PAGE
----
A spin-off of San Francisco Hep B Free program to unite the San Francisco Bay Area in the fight against hepatitis B and liver cancer by raising awareness of the single largest health disparity within the Asian American and Pacific Islander community was launched recently in San Mateo County,
Dubbed as Hep B Free – Bay Area, the program also seeks to create a unified voice to encourage screening and vaccination, and improve health outcomes throughout the Bay Area to make the San Francisco Bay Area free of hepatitis B.
San Francisco Hep B Free – Bay Area Program Coordinator Richard So announced that what they underscore is that the San Francisco’s Asian and Pacific Islander residents that comprise of 34 percent of the City’s population bear a disproportionate burden of liver cancer and undetected hepatitis B infection.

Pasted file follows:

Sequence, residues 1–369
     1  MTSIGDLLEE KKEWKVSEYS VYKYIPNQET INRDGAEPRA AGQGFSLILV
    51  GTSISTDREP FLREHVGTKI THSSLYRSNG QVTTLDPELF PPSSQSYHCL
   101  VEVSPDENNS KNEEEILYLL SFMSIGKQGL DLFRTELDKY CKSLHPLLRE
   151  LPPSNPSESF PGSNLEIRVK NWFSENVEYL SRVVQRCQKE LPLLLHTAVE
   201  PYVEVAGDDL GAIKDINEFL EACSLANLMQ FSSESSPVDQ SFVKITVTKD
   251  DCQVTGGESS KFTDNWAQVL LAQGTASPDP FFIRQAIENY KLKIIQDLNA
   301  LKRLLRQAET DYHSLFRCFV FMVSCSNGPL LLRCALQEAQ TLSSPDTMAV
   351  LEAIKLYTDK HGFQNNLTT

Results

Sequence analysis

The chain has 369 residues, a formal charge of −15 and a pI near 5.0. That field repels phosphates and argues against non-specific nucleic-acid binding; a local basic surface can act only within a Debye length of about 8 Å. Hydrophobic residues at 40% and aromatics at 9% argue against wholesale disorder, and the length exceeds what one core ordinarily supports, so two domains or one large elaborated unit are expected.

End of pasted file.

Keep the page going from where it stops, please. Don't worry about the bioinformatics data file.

“In the United States, 1 in 12 Asian Americans is chronically infected with hepatitis B in comparison to 1 in 1000 non-Hispanic Whites. While Asian Americans constitute only 4% of the population in the United States, they comprise over half of the nation’s 1.2-2 million people chronically infected with hepatitis B. This is one of the greatest racial health disparities in the United States. Fortunately, hepatitis B is a vaccine-preventable disease. A safe and effective vaccine has been available since 1982,” shared So. “SF Hep B Free - Bay Area is a new re-branding of SF Hep B Free to unite all Bay Area efforts starting this month. San Mateo County is the first official expansion under this new banner and falls directly under SF Hep B Free leadership. We have a set of metrics we are determined to accomplish in year 1, but we are eagerly planning to surpass that.”
- Published in Health